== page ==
American Goldfinches are small North American birds belonging to the finch family. They are primarily recognized for their striking bright yellow plumage in the summer months and the distinctive black wings and caps on males.
Ranging from 4.3-5.1 inches in length, these songbirds exhibit sexual dimorphism where females have an olive-brown color while males sport vibrant yellow during the breeding season which turns olive in winters.
Their diet mainly consists of seeds from dandelions, sunflowers, ragweed, and thistles. Aside from seeds, they also consume insects when feeding their young. The bird is a frequent visitor to feeders and gardens making it quite popular among wild bird enthusiasts.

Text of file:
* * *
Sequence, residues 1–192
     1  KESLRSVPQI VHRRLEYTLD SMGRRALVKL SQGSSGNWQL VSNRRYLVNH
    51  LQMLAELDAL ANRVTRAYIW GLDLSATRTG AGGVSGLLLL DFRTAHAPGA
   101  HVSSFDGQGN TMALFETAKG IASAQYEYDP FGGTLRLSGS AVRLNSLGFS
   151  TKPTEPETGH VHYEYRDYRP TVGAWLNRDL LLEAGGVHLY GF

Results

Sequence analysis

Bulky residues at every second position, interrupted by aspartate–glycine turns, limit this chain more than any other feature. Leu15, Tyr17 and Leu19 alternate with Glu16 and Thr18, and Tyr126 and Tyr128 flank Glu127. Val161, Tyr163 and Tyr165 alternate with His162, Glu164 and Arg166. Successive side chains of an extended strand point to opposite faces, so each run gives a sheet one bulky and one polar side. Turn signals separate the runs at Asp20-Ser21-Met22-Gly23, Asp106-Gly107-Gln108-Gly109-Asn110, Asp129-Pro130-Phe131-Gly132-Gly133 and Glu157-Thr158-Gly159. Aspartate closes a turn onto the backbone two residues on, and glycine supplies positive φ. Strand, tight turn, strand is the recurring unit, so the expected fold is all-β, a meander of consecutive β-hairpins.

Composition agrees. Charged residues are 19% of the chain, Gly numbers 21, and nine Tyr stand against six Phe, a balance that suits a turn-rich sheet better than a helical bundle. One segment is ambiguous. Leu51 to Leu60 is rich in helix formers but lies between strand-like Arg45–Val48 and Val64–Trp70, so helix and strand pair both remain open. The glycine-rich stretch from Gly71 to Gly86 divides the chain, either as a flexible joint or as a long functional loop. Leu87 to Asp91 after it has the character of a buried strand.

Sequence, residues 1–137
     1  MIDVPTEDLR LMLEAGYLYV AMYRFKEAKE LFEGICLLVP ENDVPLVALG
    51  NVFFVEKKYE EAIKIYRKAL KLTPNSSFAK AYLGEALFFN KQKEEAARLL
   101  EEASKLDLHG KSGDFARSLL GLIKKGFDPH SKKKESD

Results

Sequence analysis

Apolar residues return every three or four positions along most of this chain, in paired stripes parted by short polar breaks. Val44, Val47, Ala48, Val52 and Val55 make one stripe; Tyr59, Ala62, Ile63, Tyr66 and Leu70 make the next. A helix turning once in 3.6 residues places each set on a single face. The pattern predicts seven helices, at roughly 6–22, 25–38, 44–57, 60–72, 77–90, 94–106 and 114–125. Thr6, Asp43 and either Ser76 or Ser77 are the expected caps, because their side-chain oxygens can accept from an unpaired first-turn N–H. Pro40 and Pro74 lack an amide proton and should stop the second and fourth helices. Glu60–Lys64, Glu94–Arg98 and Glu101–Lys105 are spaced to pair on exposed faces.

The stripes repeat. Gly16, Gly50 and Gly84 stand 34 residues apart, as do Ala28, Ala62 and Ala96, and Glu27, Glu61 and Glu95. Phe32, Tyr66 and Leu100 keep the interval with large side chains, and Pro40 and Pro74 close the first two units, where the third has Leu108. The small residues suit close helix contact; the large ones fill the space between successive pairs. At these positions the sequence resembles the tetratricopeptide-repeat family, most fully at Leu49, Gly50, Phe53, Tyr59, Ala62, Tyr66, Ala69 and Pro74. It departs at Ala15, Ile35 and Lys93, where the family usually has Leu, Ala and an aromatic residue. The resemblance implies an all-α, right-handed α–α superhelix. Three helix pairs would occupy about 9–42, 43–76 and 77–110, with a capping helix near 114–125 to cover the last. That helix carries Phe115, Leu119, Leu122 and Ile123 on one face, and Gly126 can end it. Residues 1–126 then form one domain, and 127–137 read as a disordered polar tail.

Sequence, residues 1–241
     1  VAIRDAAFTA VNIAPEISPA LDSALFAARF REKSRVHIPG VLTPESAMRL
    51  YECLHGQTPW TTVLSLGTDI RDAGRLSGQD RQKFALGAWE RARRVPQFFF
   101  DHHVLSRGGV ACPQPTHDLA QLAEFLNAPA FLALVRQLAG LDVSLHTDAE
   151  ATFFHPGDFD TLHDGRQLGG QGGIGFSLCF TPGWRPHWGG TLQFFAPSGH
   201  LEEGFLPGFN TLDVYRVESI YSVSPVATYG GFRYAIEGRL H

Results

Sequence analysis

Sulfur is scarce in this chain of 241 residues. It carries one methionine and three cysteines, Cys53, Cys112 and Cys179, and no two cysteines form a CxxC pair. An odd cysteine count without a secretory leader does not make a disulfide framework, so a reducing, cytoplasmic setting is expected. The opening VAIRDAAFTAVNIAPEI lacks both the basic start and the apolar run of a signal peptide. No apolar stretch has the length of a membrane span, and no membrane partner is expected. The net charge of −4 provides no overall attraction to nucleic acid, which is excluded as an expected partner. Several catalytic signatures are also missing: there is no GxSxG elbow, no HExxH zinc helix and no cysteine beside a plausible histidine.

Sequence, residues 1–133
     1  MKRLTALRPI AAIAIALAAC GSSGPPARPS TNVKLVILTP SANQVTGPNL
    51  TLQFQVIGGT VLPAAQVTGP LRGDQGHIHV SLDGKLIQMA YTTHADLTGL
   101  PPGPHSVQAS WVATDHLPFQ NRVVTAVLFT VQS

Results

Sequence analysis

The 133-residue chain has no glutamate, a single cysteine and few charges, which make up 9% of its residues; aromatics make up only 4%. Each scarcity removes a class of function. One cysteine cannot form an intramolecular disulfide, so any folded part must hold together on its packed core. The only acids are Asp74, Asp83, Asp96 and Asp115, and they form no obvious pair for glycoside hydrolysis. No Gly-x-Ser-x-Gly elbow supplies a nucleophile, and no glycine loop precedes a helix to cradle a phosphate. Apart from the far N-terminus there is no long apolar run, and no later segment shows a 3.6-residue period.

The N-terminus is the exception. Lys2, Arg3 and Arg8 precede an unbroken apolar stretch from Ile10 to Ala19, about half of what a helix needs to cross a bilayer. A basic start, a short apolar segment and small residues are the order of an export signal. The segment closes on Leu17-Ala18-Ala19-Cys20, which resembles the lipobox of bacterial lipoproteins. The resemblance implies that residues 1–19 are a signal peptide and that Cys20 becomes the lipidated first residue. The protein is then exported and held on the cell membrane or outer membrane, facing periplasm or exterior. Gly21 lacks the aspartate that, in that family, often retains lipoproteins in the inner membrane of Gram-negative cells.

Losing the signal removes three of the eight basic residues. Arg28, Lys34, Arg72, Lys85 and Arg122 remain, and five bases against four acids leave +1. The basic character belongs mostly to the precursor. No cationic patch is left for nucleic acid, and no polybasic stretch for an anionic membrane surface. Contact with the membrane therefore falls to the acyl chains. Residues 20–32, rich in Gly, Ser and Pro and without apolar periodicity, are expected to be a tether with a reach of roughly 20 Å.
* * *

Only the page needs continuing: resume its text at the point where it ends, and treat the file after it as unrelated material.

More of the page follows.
Goldfinches are also known for their acrobatic flight pattern whereby they fly with a bounding motion that sees them dip below their original position before rising up again quickly.
They can be found across North America from Canada down into Mexico but thrive best in open country where weeds prosper.
Well-appreciated both for their enchanting melody and captivating colors, American Goldfinches hold a cherished spot within North American fauna symbolizing happiness or positivity due its golden hues.